Keep the Licenses Flowing

Cambridge does well eschewing Mass. liquor regulations

In Massachusetts, obtaining a liquor license is notoriously difficult for restaurants. Those licenses are often fairly expensive, but tend to reap dividends for restaurants that obtain them. For some restaurants, a liquor license can be the difference between prosperity and imminent closure—with high costs and long waits, the application process comes with high stakes. Most Massachusetts cities and towns make these stakes even higher by imposing a finite limit on liquor licenses awarded at any given time. Of the state’s 351 cities and towns, only two—Cambridge and Plymouth—set no such limit. Cambridge is right to let the licenses flow—the policy is better for business and better for Cambridge.

The strict regulations on liquor licenses prevalent in so many Mass. cities and towns have their roots in Prohibition-era anxieties. Worried that Boston would fail in its morals, the state created the Alcoholic Beverage Control Commission, which still today sets strict limits of the number of licenses a municipality can award, basing those limits on population. Boston, as the state’s largest city, has the greatest number of licensed establishments, but Cambridge has far more licenses per capita.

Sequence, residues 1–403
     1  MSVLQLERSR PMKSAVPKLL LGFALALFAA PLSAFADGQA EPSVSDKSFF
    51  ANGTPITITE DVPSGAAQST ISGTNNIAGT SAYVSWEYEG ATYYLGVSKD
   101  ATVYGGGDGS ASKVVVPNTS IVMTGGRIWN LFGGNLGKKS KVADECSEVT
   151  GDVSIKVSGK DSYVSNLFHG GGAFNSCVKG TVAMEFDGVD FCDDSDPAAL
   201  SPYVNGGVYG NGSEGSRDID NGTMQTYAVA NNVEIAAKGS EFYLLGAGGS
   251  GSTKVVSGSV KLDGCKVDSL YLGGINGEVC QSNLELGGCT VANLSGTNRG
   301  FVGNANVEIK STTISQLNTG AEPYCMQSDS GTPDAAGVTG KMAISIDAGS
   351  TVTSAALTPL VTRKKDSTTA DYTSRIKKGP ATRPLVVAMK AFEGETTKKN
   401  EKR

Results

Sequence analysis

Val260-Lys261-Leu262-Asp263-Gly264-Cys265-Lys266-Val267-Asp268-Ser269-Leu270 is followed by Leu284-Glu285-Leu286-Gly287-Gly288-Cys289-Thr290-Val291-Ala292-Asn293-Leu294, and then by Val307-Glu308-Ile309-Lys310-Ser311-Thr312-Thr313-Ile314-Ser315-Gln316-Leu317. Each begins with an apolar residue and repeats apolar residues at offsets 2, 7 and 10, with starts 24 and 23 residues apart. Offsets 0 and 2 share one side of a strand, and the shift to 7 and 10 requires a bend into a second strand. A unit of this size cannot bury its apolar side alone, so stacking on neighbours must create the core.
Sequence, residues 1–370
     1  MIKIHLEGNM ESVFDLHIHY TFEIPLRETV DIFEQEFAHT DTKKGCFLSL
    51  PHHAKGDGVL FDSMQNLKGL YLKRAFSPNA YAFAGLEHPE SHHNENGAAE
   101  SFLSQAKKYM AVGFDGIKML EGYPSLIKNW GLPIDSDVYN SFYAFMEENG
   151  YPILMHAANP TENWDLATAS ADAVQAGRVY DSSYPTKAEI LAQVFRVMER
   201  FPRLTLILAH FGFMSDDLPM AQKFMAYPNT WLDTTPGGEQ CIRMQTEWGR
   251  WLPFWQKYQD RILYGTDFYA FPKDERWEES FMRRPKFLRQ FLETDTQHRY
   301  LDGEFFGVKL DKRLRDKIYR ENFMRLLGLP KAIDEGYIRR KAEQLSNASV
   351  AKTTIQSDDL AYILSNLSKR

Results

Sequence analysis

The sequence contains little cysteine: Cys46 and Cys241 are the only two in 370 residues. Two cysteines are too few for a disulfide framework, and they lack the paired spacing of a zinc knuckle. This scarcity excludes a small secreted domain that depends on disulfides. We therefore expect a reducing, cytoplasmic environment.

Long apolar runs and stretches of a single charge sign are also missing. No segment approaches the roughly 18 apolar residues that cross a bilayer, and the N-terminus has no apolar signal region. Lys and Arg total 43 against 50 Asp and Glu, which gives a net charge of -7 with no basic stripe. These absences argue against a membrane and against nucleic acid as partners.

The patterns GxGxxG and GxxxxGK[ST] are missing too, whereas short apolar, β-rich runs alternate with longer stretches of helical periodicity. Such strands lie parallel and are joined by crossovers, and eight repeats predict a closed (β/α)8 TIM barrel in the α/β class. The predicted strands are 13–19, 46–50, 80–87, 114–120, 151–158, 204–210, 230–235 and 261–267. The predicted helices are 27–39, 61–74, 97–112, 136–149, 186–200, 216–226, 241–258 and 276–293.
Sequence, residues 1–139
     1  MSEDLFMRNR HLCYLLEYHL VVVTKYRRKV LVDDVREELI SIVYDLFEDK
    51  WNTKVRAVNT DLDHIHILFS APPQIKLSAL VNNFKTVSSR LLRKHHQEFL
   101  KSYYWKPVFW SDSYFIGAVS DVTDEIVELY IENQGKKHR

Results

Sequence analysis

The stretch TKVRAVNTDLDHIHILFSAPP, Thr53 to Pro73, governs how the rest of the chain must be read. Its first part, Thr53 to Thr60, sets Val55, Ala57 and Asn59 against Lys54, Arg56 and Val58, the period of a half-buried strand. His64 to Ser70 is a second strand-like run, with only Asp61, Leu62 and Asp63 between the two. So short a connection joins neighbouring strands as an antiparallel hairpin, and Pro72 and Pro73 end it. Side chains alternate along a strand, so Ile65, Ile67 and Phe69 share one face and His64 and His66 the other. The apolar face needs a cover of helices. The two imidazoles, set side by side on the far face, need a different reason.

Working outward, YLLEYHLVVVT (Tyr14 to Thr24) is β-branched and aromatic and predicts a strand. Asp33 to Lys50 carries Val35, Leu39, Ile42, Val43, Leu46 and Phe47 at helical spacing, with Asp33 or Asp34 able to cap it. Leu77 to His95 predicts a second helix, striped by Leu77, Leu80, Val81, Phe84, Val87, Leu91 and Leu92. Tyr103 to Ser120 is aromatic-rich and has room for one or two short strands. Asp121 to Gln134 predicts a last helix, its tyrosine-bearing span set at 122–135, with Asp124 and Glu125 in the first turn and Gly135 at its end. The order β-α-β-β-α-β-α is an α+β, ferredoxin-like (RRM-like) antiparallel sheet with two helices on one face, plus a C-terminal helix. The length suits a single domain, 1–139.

The reason Cambridge outpaces Boston on a per person basis? The city got an exemption from ABCC regulations (as did Plymouth, of Pilgrim renown). While neighboring Boston and Somerville must set up byzantine systems of license distribution—at times resulting in state officials being jailed for corruption—Cambridge has no such problem.

Beyond the benefits of less bureaucracy and fewer convictions for license-related bribery, Cambridge also receives economic benefit because of its exemption. Liquor tends to be fairly expensive, and the increased sales are a boon to Cambridge’s economy. Furthermore, the relative lack of liquor-licensed restaurants in Boston sends workers across the Charles—Boston’s loss is Cambridge’s gain.


This is not to say that leaders across the state haven’t tried to get exemptions themselves. Massachusetts Governor Deval L. Patrick ’78 and Mayor Thomas M. Menino tried to get Boston an exemption in 2011, and Somerville Mayor Joseph A. Curtatone has sought the same for his city. Both efforts, however, have yet to succeed.

Massachusetts would likely do well to rid itself of the ABCC and its arcane liquor laws. As Cambridge can attest, unfettered awarding of licenses is good for the economy, and likely does not pose much of a hazard to public safety. (The only real beneficiaries of license restriction are the existing liquor license holders—regulation curbs competition and manufactures a valuable asset, the license.) Furthermore, by lifting the cap on liquor licenses, Massachusetts cities and towns would eliminate one source of government corruption.

Until the Commonwealth can better regulate its liquor, Cambridge does well to eschew the regulations, drawing thirsty customers from cities that limit licenses. Though licenses remain fairly expensive, and though the process to gain one may be a hassle, Cambridge removes one obstacle that restaurants must face throughout the rest of the Commonwealth. For choosing a vibrant restaurant scene over ancient liquor laws long overdue for appeal, Cambridge sets an example for its state.